Chicago Chinatown

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The motivations for the Chinese to come to the United States are similar to most immigrants. These motivations are what most people call "The American Dream." These could be looking for a better life, having a better job, running away from political issues. However, for Chinese these American dreams were not too easy to achieve at first compared to other immigrants. Chinese suffered a lot more obstacles and discriminations because they are relatively small and easy to be targeted on. Even more the legal system passed a law in 1963 forbidding Chinese to testify against white men in court. This anti-Chinese action was most critical in the Pacific Coast; as a result, it caused the dispersion of Chinese that had settled in California to the mid-western and eastern states.(Chicago-Chinatown, 1996)1

Many Chinese migrated eastward to some major cities, and some of them chose Chicago. In the 1870s, the first Chinese immigrants arrived in Chicago. Although Chinese in Chicago endured the same restrictions and discrimination that happened in other cities of America, the population of Chinese increased progressively. In 1890, the first Chinese community was built along Clark Street, which is between Van Buren and Harrison Street. Thirty years after, because of the unreasonable increase of housing rent cost, most Chinese moved to the south near Cermak Road and Wentworth Avenue, which was Italian and Croatian neighborhood.(Chicago-Chinatown, 1996)1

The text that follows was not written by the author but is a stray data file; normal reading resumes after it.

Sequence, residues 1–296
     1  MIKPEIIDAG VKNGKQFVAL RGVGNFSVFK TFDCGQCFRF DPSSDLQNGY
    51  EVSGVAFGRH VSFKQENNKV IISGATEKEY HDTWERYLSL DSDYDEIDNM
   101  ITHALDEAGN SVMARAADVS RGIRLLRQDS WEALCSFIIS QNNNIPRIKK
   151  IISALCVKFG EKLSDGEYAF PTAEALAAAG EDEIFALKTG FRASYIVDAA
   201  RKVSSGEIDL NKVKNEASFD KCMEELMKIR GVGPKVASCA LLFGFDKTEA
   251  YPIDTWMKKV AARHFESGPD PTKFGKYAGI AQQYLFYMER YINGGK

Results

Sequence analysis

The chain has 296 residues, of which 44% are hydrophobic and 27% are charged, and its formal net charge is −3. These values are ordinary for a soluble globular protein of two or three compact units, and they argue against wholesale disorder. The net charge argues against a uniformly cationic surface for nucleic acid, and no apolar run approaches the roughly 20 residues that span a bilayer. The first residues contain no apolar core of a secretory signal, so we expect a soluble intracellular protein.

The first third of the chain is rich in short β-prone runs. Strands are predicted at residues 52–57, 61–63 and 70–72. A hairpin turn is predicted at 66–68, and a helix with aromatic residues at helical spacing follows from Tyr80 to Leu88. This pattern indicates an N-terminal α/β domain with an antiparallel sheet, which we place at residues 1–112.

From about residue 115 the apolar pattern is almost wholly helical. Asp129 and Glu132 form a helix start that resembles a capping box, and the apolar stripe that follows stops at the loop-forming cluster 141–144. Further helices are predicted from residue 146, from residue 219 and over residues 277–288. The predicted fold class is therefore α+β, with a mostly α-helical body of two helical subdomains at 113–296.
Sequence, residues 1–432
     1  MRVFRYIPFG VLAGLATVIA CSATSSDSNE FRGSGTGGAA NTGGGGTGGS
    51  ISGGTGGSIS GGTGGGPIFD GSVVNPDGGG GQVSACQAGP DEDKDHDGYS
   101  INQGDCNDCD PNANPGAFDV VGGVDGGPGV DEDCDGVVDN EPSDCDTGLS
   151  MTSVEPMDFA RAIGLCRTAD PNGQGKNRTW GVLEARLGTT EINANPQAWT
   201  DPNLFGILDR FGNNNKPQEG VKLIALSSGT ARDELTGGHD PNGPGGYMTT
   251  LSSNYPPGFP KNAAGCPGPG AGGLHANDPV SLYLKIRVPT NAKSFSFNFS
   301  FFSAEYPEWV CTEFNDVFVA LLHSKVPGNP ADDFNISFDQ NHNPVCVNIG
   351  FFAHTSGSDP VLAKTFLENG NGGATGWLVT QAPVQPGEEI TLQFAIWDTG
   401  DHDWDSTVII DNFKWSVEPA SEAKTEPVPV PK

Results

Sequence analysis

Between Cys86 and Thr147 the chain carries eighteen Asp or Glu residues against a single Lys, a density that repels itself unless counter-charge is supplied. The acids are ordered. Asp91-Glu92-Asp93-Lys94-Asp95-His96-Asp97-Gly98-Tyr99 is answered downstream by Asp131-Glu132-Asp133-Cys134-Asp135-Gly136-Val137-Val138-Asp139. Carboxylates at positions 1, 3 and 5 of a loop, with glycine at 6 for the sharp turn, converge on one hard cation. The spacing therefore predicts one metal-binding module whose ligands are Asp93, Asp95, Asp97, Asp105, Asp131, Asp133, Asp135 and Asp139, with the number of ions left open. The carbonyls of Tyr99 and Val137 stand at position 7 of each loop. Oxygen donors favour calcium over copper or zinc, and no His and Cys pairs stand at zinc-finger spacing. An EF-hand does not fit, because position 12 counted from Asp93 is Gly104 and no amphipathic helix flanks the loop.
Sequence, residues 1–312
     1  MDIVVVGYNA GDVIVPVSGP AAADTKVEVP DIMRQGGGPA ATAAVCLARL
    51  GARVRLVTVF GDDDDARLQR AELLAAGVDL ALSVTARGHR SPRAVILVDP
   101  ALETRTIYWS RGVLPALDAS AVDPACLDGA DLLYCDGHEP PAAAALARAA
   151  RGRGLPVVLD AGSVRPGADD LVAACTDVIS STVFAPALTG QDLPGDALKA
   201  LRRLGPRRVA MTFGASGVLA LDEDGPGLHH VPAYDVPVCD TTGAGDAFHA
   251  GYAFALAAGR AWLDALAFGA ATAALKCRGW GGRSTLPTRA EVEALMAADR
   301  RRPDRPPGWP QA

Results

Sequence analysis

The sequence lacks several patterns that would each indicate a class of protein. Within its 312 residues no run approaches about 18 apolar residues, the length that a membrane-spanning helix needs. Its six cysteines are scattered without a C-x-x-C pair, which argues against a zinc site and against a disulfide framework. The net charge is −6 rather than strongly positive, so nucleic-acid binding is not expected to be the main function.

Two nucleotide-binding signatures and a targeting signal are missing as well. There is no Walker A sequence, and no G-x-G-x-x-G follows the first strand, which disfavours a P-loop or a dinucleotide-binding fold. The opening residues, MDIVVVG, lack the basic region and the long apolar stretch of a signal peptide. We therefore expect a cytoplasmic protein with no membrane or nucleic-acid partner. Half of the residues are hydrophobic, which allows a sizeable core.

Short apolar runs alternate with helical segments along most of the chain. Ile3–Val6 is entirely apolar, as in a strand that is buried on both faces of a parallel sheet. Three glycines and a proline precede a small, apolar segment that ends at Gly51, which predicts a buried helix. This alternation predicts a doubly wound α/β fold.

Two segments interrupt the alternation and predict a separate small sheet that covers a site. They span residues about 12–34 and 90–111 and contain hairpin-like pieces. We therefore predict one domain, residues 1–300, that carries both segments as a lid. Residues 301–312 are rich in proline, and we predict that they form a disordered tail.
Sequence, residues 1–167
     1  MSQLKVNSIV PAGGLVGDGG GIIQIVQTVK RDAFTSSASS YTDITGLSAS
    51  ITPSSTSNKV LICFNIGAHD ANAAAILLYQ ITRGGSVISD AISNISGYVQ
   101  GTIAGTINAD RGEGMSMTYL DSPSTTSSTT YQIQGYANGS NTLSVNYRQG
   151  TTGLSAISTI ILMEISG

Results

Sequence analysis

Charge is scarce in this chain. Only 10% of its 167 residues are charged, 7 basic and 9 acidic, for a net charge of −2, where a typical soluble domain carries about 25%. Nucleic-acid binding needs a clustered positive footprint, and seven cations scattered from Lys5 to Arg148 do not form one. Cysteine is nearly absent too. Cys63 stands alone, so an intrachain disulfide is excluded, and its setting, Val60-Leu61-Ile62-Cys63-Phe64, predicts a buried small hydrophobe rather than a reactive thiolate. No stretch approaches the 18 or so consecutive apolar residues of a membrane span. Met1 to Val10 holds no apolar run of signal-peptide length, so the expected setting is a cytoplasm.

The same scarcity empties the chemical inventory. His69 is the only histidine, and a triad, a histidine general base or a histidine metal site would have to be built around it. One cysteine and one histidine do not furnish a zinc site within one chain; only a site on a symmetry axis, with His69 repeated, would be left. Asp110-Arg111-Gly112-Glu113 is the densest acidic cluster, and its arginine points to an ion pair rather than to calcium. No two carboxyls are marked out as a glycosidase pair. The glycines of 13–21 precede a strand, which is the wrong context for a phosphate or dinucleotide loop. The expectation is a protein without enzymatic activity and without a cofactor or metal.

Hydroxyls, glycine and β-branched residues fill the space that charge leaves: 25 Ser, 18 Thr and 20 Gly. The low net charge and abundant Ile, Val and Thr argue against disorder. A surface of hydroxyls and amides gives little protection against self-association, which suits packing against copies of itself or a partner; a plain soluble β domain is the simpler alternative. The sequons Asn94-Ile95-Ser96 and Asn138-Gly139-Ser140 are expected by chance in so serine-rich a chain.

Soon after the Chinese had settled in the neighborhood, they tried to expand the Cermak Road due to the increasing demand for housing. However, half of the housing plan was cut because some major city projects needed to use this area. Due to many restrictions on the growth of Chinese community, it significantly affected the demography. The gender ratio was unbalanced because family's life style had changed. In 1910 there were only 65 Chinese women and 1,713 men in Chicago, and by 1926 women were still less than 6 percent of the population. This disproportion ratio of Chinese gender made their family life difficult; that is, the growth of a second generation of Chinese Americans were slowly decreasing, and gave an impression to Americans that Chinese were "alien." (Steffes, 2000)5

As time passed by, the issue of discrimination declined with the effort of Chinese community development. Despite many obstacles, the Chinese continued to expand their community and boundaries. And therefore, many businesses and residents were gradually increasing. It was until after World War II, the Chinese population doubled from 3,000 to 6,000, and in the 1950s it doubled again. That is because a large influx of Chinese immigrants came after the establishment of the People's Republic of China in 1949. Most of these Chinese were professionals who tried to escape from the political issues and entered the United States to pursuit a more liberal policy. By the year of 1970, Chicago ranked fourth in Chinese population in American cities. (Steffes, 2000)5 The large influx of Chinese also caused a major housing problem. The shortage of housing had forced many Chinese move to other areas, where the Bridgeport and the Brighton Park neighborhood. It is located at the south and south west of Chinatown, where a large number of Chinese are living there now. Most of those who fought for the limited housing were new immigrants and elderly. According to the Chinese American Service League (CASL), 70 percent of the residents in Chinatown were new immigrants in 1990. In addition, 40.6 percent of Chinatown households were having elderly over 65 years old and 90 percent of the elderly population was economically disadvantaged. (Chicago-Chinatown, 1996)1 Another expansion was during the late 1980s; a group of Chinatown business leaders bought 32 acres of Archer Avenue property from the railroad and eventually built Chinatown Square, a two-level mall full of restaurants, beauty salons and law offices, etc. That covered...
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